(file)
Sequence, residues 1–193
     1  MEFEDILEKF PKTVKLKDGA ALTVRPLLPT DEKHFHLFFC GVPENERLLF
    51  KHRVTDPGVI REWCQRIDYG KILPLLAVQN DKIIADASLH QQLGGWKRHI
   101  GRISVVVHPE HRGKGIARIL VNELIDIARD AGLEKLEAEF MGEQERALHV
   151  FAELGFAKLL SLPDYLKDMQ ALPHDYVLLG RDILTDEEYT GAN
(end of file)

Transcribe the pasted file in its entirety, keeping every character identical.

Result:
Sequence, residues 1–193
     1  MEFEDILEKF PKTVKLKDGA ALTVRPLLPT DEKHFHLFFC GVPENERLLF
    51  KHRVTDPGVI REWCQRIDYG KILPLLAVQN DKIIADASLH QQLGGWKRHI
   101  GRISVVVHPE HRGKGIARIL VNELIDIARD AGLEKLEAEF MGEQERALHV
   151  FAELGFAKLL SLPDYLKDMQ ALPHDYVLLG RDILTDEEYT GAN